Gene-editing injection could improve cholesterol

Individuals who have inherited a genetic predisposition for high LDL cholesterol may benefit from a simple gene-editing technique, scientists say.

The work was carried out by a team led by Dr Andrew Bellinger of Verve Therapeutics in Boston, USA, and presented at the American Heart Association’s Scientific Sessions 2023 held in Philadelphia, USA.

In their report, the team state that lifelong exposure to circulating low-density lipoprotein cholesterol (LDL-C) “is a primary driver of atherosclerotic cardiovascular disease”.

People with a mutation in the PCSK9 gene are at greater risk, so the team developed ‘VERVE-101’, a treatment which alters DNA to inactivate this mutation.

“VERVE-101 is composed of a messenger RNA encoding an adenine base editor and a guide RNA that targets the PCSK9 gene, packaged within a lipid nanoparticle,” they write.

Findings from early stage studies in mice and non-human primates indicated that a single injection of VERVE-101 can alter the PCSK9 gene in the liver.

The treatment led to “substantial reductions in LDL-C that remained durable through more than two years of follow-up, supporting the potential for a permanent treatment effect,” say the authors.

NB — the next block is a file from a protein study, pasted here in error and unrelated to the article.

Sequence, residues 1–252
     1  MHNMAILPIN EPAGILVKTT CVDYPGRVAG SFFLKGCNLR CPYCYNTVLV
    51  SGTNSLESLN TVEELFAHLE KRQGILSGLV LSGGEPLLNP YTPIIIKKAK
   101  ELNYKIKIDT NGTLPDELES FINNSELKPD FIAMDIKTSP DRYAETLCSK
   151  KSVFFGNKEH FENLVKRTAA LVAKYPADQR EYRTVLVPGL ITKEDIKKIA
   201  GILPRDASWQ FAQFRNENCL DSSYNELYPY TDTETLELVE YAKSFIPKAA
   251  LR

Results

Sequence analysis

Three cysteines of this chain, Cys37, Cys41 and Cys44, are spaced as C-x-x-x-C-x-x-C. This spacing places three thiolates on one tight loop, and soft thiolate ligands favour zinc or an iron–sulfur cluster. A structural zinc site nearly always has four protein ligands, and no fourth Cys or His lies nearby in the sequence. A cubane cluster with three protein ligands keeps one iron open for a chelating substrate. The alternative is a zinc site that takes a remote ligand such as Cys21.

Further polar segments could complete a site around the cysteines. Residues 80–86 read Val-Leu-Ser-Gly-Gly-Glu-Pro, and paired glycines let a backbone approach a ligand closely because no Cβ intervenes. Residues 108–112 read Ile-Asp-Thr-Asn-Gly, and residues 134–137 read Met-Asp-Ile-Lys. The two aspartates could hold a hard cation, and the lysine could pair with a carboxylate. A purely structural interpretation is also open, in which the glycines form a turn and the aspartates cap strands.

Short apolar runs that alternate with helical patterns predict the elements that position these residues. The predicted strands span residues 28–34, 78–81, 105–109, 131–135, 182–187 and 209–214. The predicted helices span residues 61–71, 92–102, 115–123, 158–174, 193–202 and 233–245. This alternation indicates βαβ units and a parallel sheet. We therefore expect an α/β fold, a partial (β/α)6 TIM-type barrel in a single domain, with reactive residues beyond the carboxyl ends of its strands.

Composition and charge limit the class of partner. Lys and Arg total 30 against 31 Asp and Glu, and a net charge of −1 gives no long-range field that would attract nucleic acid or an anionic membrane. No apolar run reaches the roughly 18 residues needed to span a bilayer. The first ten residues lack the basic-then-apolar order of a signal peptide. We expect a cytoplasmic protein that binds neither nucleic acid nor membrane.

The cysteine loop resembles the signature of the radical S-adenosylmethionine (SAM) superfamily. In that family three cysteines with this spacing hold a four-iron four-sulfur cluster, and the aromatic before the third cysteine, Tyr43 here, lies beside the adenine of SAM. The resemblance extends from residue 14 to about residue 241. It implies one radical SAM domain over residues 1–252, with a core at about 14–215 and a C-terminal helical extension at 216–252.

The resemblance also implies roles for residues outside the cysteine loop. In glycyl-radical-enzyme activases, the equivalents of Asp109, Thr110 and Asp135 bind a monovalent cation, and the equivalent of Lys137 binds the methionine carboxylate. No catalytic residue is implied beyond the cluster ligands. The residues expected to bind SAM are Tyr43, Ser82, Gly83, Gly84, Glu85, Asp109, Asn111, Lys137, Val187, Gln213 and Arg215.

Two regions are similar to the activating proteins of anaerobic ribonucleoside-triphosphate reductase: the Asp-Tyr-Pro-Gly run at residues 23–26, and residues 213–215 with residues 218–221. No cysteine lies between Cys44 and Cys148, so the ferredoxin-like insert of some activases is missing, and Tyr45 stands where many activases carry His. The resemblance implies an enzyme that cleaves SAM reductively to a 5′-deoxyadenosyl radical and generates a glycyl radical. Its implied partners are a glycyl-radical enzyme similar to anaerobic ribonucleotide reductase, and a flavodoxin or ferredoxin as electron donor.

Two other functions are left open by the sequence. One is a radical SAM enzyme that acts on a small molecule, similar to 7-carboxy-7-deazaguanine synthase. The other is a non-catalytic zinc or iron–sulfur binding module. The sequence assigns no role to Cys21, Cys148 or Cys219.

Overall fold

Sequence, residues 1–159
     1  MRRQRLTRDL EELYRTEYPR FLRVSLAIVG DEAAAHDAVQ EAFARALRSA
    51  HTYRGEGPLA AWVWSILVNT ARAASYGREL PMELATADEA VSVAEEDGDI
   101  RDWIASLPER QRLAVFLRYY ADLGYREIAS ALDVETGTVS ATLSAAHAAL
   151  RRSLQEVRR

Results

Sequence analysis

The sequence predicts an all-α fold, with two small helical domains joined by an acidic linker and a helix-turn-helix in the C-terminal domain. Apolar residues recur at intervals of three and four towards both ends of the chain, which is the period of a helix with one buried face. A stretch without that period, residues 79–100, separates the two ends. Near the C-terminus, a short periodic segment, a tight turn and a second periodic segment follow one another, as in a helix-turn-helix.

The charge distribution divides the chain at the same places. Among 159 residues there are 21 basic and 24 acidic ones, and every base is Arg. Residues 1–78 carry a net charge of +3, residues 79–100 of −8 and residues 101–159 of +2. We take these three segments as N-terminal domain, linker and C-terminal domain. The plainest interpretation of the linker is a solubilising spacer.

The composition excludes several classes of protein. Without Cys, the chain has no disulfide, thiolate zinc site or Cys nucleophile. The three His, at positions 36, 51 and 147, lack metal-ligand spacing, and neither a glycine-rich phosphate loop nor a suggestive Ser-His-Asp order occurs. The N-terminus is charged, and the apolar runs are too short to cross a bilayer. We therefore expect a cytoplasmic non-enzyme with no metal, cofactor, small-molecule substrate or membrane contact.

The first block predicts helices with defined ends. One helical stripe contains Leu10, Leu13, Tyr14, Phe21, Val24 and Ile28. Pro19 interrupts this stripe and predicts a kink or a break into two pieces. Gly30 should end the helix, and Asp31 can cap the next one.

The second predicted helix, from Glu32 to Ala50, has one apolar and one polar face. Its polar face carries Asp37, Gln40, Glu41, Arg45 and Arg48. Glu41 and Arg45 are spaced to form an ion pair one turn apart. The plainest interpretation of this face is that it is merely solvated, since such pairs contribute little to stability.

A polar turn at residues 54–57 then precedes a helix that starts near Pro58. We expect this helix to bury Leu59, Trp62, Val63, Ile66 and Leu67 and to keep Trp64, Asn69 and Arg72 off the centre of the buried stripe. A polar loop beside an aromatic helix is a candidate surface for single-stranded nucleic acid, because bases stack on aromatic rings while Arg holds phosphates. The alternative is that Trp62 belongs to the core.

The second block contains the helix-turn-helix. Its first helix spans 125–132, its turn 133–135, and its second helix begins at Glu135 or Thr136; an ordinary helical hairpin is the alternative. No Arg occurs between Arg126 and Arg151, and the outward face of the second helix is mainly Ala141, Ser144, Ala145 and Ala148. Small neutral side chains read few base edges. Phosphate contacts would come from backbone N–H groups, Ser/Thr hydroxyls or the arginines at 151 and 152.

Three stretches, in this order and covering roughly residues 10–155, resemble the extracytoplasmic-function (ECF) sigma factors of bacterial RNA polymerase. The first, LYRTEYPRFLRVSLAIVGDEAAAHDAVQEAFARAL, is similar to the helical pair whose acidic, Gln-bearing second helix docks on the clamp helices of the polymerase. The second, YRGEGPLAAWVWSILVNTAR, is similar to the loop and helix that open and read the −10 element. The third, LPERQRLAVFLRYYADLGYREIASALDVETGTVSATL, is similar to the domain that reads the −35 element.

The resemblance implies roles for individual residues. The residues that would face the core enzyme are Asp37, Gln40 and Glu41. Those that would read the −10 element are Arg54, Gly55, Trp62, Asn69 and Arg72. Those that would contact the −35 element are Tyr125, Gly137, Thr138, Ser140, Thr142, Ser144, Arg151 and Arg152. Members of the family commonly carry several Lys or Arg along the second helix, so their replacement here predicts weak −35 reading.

It was then given to ten adult patients, with an average age of 54, in “the first reported results for any in vivo DNA base editing medicine administered to human trial participants”.

Similar effective results were seen in these patients, who were at high risk of early heart attack due to the PCSK9 gene mutation.

Dr Bellinger said: “Instead of daily pills or intermittent injections over decades to lower bad cholesterol, this study reveals the potential for a new treatment option – a single-course therapy that may lead to deep LDL-C lowering for decades.”

Vafai, S. B. et al. Safety and Pharmacodynamic Effects of VERVE-101, an Investigational DNA Base Editing Medicine Designed to Durably Inactivate the PCSK9 Gene and Lower LDL Cholesterol – Interim Results of the Phase 1b heart-1 Trial. American Heart Association Scientific Session, 12 November 2023


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